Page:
The Tarkine contains a number of unique cave systems. Some of these, such as the magnesite karst systems that exist in and around the Keith and Lyons rivers, are globally unique (Sharples 1992b; Sharples 1997; Houshold et al. 1999). The Tarkine contains extraordinary magnesite karst systems, including unique cave and pinnacle formations at Lyons River and the Arthur River – Victory Springs area, with the hydrothermal karst hydrology including warm springs in pristine condition. This mostly undisturbed magnesite karst area is a high priority for protection of its karst values, since no magnesite karst is currently represented within any Tasmanian conservation reserve of declared World Heritage.

The Tarkine also contains dolomite cave systems in the Trowutta/Sumac/Black River region which features hundreds of sinkholes (including the outstanding sinkhole, Lake Chisholm), and karst landforms in the ‘Ahrberg’ group – which exhibit karst landforms including decorated caves and underground drainage, which (as they are studied more extensively), are likely to be of considerable aesthetic, geomorphological, archaeological and biological interest.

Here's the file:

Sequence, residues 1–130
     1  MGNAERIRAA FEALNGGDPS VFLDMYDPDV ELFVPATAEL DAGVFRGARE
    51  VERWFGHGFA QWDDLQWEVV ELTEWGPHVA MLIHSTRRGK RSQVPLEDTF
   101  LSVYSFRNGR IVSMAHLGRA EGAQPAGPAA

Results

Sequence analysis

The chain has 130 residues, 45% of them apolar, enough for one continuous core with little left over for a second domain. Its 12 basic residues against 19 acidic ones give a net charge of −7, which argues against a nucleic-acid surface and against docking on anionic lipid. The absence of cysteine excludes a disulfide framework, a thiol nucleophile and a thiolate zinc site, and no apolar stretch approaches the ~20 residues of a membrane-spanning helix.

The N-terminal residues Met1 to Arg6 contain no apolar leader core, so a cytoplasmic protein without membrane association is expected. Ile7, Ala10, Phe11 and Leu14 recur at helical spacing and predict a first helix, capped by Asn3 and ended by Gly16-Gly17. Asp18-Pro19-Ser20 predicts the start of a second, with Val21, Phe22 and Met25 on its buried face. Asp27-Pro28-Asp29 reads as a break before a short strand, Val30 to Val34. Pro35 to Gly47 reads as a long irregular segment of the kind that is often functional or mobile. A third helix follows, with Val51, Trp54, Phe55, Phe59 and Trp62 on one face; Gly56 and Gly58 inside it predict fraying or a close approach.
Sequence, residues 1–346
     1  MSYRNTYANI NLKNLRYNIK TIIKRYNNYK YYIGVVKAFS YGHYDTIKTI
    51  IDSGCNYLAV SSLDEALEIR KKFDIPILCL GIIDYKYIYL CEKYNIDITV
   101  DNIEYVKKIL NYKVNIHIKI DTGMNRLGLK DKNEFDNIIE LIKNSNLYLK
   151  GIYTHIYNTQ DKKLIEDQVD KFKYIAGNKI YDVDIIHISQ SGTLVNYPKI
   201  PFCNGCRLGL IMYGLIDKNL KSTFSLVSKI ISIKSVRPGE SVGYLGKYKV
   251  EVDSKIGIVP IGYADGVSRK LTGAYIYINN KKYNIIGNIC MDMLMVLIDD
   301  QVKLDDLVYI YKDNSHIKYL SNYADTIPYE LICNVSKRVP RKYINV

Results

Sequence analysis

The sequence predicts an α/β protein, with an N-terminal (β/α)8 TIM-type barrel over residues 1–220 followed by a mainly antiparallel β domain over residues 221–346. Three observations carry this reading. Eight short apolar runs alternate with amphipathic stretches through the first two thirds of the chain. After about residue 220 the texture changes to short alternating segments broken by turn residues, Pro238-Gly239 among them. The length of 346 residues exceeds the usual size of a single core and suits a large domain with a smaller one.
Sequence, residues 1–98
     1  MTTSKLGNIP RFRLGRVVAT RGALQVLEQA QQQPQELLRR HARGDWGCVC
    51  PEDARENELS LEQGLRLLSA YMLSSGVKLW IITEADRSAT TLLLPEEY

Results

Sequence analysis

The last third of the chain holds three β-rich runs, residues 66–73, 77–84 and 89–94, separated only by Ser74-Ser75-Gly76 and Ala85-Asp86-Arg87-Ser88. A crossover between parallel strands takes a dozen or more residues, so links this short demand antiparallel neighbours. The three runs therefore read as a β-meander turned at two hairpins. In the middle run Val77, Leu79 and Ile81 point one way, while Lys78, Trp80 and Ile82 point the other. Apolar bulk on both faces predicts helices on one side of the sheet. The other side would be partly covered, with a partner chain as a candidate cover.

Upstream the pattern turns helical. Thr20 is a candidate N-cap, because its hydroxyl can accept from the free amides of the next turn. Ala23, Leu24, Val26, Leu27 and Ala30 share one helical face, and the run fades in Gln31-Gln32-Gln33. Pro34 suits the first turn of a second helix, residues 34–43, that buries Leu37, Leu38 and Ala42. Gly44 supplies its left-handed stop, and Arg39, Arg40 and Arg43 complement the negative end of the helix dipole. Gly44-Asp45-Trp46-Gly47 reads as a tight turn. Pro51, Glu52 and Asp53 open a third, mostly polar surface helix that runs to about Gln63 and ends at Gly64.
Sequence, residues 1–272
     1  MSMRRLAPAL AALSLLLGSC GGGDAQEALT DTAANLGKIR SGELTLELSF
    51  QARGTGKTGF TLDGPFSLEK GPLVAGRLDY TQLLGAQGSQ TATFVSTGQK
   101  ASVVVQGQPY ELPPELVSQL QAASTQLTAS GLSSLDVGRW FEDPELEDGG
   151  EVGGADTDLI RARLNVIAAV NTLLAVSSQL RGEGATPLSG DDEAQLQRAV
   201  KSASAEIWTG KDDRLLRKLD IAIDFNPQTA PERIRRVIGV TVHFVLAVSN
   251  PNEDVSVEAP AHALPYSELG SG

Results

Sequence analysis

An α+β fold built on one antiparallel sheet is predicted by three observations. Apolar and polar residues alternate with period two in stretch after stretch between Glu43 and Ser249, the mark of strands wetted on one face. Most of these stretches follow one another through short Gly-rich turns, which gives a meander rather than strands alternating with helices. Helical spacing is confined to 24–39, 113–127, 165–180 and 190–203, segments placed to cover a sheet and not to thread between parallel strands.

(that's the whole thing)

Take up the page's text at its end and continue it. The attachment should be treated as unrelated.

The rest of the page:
These cave systems are not only unique in themselves, but are also home to extraordinary cave dwelling creatures, such as the bizarre ‘troglodyte’ (cave dwelling spider) and other fascinating creatures.

A refuge for the Devil

The Tarkine is the home to the last disease free population of the Tasmanian Devil. The Tasmanaian Devil is being pushed to extinction by the fatal Devil Facial Tumour Disease. This disease has been estimated to have killed 80% of the Tasmanian Devil population in the past decade. As such the habitat of the Tarkine is critical to survival of this iconic species in the wild. Threats such as mining, logging and roading place the future of the Devil at risk.

Ten new mines for the Tarkine?

There are now ten new mines proposed for the Tarkine over the next five years, and the campaign to prevent this onslaught of destruction is heating up. Nine of these mines are Pilbara style open cut mines. The first two companies to submit for permits are Venture Minerals for their three proposed tin and iron ore mines at Mt Lindsay, and Shree Minerals for their proposed Nelson Bay River iron ore mine.